Hillary Clinton: Trump Trying to ‘Distract People from the Fact that He Lost’

Democratic presidential nominee former Secretary of State Hillary Clinton speaks during th
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Twice-failed presidential candidate Hillary Clinton said on Twitter Monday that President Trump is attempting to “distract people from the fact that he lost,” adding that he does not care about the “costs,” which include “our very democracy.”

“What we’re seeing right now is a president with nothing left to lose and only one goal—to distract people from the fact that he lost,” the former Trump challenger said to her 30 million Twitter followers Monday.

“He doesn’t care that the costs are America’s health, security, and our very democracy,” she added:

Clinton’s remarks follow Trump’s expression of approval of Republican lawmakers’ plans to object to the results of the Electoral College in disputed states, as a dozen senators and an estimated 140 House Republicans are expected to do so on January 6. The president took direct aim at Sen. Tom Cotton (R-AK) because the Arkansas senator revealed he would not join his GOP colleagues, including Sen. Ted Cruz (R-TX), Ron Johnson (R-WI), James Lankford (R-OK), Steve Daines (R-MT), John Kennedy (R-LA), Marsha Blackburn (R-TN), Mike Braun (R-IN), Cynthia Lummis (R-WY), Roger Marshall (R-KS), Bill Hagerty (R-TN), and Tommy Tuberville (R-AL) in objecting to electors in disputed states in the absence of a ten-day audit. Last week, Sen. Josh Hawley (R-MO) was the first senator to announce his intention to object to Electoral College votes.

“How can you certify an election when the numbers being certified are verifiably WRONG. You will see the real numbers tonight during my speech, but especially on JANUARY 6th,” Trump exclaimed.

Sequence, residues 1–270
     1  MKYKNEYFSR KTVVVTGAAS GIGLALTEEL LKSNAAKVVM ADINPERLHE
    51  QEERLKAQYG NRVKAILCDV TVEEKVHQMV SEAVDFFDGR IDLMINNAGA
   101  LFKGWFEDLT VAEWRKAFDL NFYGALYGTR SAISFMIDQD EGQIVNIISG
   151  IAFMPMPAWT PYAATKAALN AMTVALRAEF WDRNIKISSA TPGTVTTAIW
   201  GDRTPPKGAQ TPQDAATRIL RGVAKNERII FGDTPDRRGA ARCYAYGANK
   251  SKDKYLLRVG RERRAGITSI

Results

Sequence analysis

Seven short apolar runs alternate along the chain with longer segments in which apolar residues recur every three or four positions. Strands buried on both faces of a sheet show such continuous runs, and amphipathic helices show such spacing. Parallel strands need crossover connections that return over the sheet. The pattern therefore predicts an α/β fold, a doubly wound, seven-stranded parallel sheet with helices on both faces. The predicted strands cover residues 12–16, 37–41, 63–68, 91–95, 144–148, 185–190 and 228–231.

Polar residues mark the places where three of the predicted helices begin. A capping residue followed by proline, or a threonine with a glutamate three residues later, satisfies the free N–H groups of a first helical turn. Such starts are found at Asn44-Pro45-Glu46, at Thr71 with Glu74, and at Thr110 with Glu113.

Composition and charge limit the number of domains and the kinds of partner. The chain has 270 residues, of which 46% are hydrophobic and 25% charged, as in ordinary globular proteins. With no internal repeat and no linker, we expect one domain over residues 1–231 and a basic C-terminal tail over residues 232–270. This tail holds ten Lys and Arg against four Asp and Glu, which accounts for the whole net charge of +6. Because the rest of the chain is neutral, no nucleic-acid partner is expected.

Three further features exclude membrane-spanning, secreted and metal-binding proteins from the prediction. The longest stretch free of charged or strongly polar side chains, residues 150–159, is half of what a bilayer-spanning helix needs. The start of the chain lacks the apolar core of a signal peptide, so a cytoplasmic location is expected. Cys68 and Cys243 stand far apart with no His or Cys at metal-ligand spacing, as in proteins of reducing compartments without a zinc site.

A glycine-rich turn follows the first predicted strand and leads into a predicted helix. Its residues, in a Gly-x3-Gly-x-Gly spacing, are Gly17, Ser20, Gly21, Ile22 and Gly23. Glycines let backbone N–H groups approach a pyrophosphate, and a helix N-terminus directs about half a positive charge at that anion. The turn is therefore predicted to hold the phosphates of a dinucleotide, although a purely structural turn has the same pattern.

“@SenTomCotton Republicans have pluses & minuses, but one thing is sure, THEY NEVER FORGET!” he warned:

Cotton, however, asserted that the action would establish “unwise precedents” that Democrats would take advantage of in the future. In a statement this weekend, the GOP lawmaker said he shares concerns about election irregularities, particularly in states that “rushed through election-law changes to relax standards for voting-by-mail,” and called for a commission to study the last election.

He continued:

Nevertheless, the Founders entrusted our elections chiefly to the states — not Congress. They entrusted the election of our president to the people, acting through the Electoral College — not Congress,” Cotton said. “And they entrusted the adjudication of election disputes to the courts — not Congress. Under the Constitution and federal law, Congress’s power is limited to counting electoral votes submitted by the states.

If Congress purported to overturn the results of the Electoral College, it would not only exceed that power but also establish unwise precedents,” Cotton said. “First, Congress would take away the power to choose the president from the people, which would essentially end presidential elections and place that power in the hands of whichever party controls Congress. Second, Congress would imperil the Electoral College, which gives small states like Arkansas a voice in presidential elections. Democrats could achieve their longstanding goal of eliminating the Electoral College in effect by refusing to count electoral votes in the future for a Republican president-elect. Third, Congress would take another big step toward federalizing election law, another long-standing Democratic priority that Republicans have consistently opposed.

“Thus, I will not oppose the counting of certified electoral votes on January 6,” Cotton said, stressing that he is “grateful” for the accomplishments President Trump made in his first term but contending that “objecting to certified electoral votes won’t give him a second term — it will only embolden those Democrats who want to erode further our system of constitutional government.”


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